1. the franchisor is required to hold and develop a commercial business for a reasonable period of time prior to launching a franchising network;
  2. the franchisor must be the holder of the applicable intellectual property rights; and
  3. the franchisor must provide the franchisee with initial training, as well as permanent commercial and technical assistance for the entire duration of the franchise agreement.

Regarding the first obligation, the Franchise Law does not specify the minimum period of time a franchisor must be in business before launching a franchise; the law only requires a period of time long enough to allow the franchisor to acquire transferable commercial know-how. Under the Franchise Law, such know-how is defined as formulas, technical information, documents, drawings and designs, networks, procedures and other analogous elements, used to create and commercialize a product. This information is then compiled into a document called the “Franchise Manual.” The Franchise Manual is extremely helpful for both the franchisor and the franchisee. For the franchisee, the Franchise Manual provides an overview of the entire franchise business and enables the franchisee to make sound business decisions. For the franchisor, the Franchise Manual is a helpful tool to protect its intellectual property and trade secrets during the duration of the franchise agreement.

The Franchise Law also imposes certain major obligations upon franchisees:

  1. the franchisee must develop the franchise network and maintain the franchisor’s brand and reputation;
  2. the franchisee must provide regular financial reports to the franchisor in relation to the franchised business;
  3. the franchisee must not disclose any confidential information to third parties;
  4. the franchisee must remit the initial fee to the franchisor either on the date the agreement is executed or on some other date provided within the franchise agreement, in exchange of the transfer of know-how and of the franchisor’s initial training support; and
  5. the franchisee must pay some type of royalty (typically a percentage of annual turnover) to the franchisor in exchange for the franchisor’s continuing commercial and technical support.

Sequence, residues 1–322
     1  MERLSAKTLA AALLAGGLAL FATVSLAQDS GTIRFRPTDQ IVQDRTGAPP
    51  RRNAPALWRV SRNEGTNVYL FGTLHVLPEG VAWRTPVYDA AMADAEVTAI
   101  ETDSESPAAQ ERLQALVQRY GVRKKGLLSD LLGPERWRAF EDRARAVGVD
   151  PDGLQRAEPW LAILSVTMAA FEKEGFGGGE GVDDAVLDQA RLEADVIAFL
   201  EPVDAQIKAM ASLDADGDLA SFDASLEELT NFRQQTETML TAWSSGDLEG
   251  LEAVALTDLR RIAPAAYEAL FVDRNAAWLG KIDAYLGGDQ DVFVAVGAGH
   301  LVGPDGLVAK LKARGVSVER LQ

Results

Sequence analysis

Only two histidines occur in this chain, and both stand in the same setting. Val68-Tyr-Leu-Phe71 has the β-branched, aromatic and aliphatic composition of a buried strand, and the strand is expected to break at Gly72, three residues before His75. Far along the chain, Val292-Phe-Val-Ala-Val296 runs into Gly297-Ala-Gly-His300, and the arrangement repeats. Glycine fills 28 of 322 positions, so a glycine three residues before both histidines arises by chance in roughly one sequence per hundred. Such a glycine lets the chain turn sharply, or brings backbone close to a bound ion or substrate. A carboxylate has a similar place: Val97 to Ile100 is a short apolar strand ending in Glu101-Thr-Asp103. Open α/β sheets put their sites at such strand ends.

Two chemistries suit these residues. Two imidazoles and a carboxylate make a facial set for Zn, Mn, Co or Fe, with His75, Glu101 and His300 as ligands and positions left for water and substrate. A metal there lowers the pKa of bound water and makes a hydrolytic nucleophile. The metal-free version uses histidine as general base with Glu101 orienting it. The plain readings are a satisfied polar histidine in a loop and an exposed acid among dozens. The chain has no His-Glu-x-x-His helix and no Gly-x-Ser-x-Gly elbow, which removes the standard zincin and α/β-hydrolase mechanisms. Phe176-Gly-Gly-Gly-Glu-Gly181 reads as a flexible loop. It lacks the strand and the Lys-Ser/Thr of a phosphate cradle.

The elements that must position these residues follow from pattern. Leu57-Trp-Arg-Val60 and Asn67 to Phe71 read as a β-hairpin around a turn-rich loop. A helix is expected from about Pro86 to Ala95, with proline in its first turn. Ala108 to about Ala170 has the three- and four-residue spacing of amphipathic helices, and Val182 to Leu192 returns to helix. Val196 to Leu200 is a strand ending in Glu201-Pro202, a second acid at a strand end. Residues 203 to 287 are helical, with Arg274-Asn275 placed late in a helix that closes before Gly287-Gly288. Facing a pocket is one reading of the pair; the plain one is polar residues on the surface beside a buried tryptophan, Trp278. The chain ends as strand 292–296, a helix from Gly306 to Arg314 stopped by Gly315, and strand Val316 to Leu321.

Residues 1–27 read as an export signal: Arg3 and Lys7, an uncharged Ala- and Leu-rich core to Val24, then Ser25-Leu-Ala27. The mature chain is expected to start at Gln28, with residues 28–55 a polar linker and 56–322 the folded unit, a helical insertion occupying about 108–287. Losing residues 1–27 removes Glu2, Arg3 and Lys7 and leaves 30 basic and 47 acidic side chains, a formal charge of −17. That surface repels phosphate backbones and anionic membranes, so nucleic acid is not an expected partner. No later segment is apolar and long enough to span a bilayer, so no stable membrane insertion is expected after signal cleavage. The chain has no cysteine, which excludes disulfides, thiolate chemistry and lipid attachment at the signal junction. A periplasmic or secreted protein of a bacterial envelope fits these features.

Specific Provisions in Franchise Agreements
In addition to gaining an understanding of the major obligations imposed on the parties to a franchise agreement, prospective franchisors and franchisees must also have a working understanding of the minutiae of such agreements. Particularly important provisions include:

Confidentiality Clause
Under the Franchise Law, franchisees are prohibited from disclosing any confidential information provided by the franchisor both during the term of the franchise agreement and after its termination. In addition to these protections, franchisors may also impose more rigorous non-disclosure requirements on franchisees.

The ability of franchisors to protect confidential information by contract is of particular importance as Romania does not currently have any special legislation protecting trade secrets. The only reference Romanian law makes to the protection of trade secrets is in the Franchise Law and in Law No. 298/2001, which amended Law No. 11/1991 (the “Unfair Competition Law”). The Unfair Competition Law defines “trade secret” as information which is not public, nor easily available to individuals acting in a business where such type of information is customarily used, and which becomes valuable by being kept secret by its holder through reasonable measures. The unlawful disclosure, acquisition, or use of a trade secret by a person may constitute either a tort or a crime, depending on the particular circumstances of the disclosure.

Non-Compete Clause
There is no question that free and fair competition is essential to ensure the strength and resilience of a market economy. In the franchise context, however, unrestrained competition can be harmful as the franchise relationship requires exclusivity between the parties in order to function as intended. Conversely, parties in a franchise agreement must be careful to ensure that the agreement does not violate Romania’s antitrust regulations which prohibit price-fixing and market allocation schemes among competitors.